Someone asked me why cyber security seems so vaguely defined. Surely there must be some standard set of laws like in Asimov’s fiction.
No, not that I know of, but maybe I could help.
In “I, Robot”, a 1950 collection of nine short stories, Isaac Asimov introduced his Three Laws of Robotics:
1: A robot may not injure a human being or, through inaction, allow a human being to come to harm.
2: A robot must obey the orders given it by human beings except where such orders would conflict with the First Law.
3: A robot must protect its own existence as long as such protection does not conflict with the First or Second Laws.
In later works Asimov inserted a zeroth law before the others:
0. A robot may not harm humanity, or, by inaction, allow humanity to be harmed.
I can get cyber security down to five laws I see as crucial. The first two are for implementers and the other three are for designers and developers.
If we can only have one Cyber Security Law, make it this one. There is no hope without Law #1.
My first draft started “System administrators” but this applies to more than just those people who know the
root password on the Linux servers. It must include the database administrators, the maintainers of the diesel generators and battery banks and air conditioners, the security guards, the human resources department, and ultimately, everyone at the company.
Law #1 seems obvious but it is frequently violated. I have seen so many people show up for the Linux server course reporting that their command-line experience consists of taking the introductory Linux-for-users course six to twelve months ago, and they have never touched a system before or since. I try to tell them that they are going to be frustrated and waste their money, but they tell me that their boss says they’re in charge of the ten servers showing up in two weeks. I hope I don’t rely on whoever they work for!
Now for the shortest one:
If you have not applied all available patches for your installed software, you are behind. Test, make sure it won’t break existing functionality, and apply that patch.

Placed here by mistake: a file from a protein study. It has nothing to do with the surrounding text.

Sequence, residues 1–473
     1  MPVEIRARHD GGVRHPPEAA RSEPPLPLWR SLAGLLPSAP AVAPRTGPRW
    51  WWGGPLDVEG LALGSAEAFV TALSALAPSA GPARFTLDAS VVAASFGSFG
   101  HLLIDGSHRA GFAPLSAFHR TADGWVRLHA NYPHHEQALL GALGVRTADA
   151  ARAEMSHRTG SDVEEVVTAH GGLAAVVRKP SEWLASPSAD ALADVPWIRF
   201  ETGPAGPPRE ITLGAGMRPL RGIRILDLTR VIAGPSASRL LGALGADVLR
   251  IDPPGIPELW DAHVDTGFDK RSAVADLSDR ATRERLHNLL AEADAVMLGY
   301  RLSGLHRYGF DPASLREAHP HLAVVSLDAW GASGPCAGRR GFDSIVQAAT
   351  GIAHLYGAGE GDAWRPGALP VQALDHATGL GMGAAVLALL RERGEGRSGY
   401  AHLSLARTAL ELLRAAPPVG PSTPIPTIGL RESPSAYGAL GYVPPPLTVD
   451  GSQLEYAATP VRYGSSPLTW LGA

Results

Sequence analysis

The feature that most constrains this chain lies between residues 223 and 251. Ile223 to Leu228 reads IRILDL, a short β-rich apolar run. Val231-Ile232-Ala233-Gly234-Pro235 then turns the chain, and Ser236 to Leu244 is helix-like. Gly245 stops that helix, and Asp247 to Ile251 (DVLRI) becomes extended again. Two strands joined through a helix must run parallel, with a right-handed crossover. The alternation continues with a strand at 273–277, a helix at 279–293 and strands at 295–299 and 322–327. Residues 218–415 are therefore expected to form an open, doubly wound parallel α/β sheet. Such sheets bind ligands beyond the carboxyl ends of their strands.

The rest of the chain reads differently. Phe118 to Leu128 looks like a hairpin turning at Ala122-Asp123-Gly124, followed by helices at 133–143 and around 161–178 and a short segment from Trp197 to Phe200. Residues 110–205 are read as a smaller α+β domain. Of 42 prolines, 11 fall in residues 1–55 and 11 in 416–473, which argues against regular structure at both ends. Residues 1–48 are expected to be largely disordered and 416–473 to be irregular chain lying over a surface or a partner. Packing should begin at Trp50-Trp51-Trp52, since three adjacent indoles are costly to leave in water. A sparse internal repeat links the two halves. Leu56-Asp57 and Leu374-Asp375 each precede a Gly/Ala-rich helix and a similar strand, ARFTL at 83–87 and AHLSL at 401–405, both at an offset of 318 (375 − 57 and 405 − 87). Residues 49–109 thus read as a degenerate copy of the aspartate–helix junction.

The remaining laws are for the designers and developers:
Check it and then either fix it or discard it as appropriate, according to size, syntax, semantics, and form. The last has to do with what’s called canonicalization — fully converting the data into whatever it really means. An HTML-encoded representation of an ASCII-encoded representation of a Unicode representation of a SQL injection is still dangerous.
I create a user named “jim”, set a password of “rescue”, and start testing.
I enter user=jim, password=rescue, and I’m in. “We have solved the availability problem!” Um, maybe.
I enter user=jim, password=bogus, and I’m not in. “We have solved the authentication problem. Done!” Wrong.
Oh, so I enter user=bogus, password=rescue, just in case, and I’m not in. “Ah, now my security job is done!” Not at all!
Access must be allowed only when all requirements are precisely met. The system must fail into a safe state in all other situations, not just a few obvious ones.
Now we must agree on what a “safe state” is. When the fire alarm is triggered, what should happen to the door leading into a vault where classified data is handled? Should it fail open to allow the humans to flee the fire? Or should it fail closed to protect the secrets? Sadly, people argue that one both ways.
Assumptions of validity lead to exploits by unexpected inputs — the unsolicited reply (ARP cache poisoning, DNS cache poisoning), the attractive lie (routing table corruption) and all sorts of inappropriate inputs leading to system corruption (buffer overflows, SQL injections and other syntactic abuse, cross-site scripting and cross-site request forgery, and more).
Several years ago I read some advice that stuck with me: Networking protocols should be implemented so they behave like a well-mannered person invited by strangers to their party. Be conservative in what you do, and liberal regarding others’ behavior.
Don’t demand that every connection must support obscure bleeding-edge options and extensions. At the same time, if the other end insists on something you don’t support or maybe even understand, decline gracefully.
Put simply: Don’t be weird, and don’t panic because you think someone else is weird.
Ross Anderson’s textbook Security Engineering: A Guide to Building Dependable Distributed Systems is a great explanation of why security system design is so different and difficult, and how to approach the problem. You can download it for free!
For more fundamental concepts of security, check out Learning Tree’s System and Network Security Introduction course.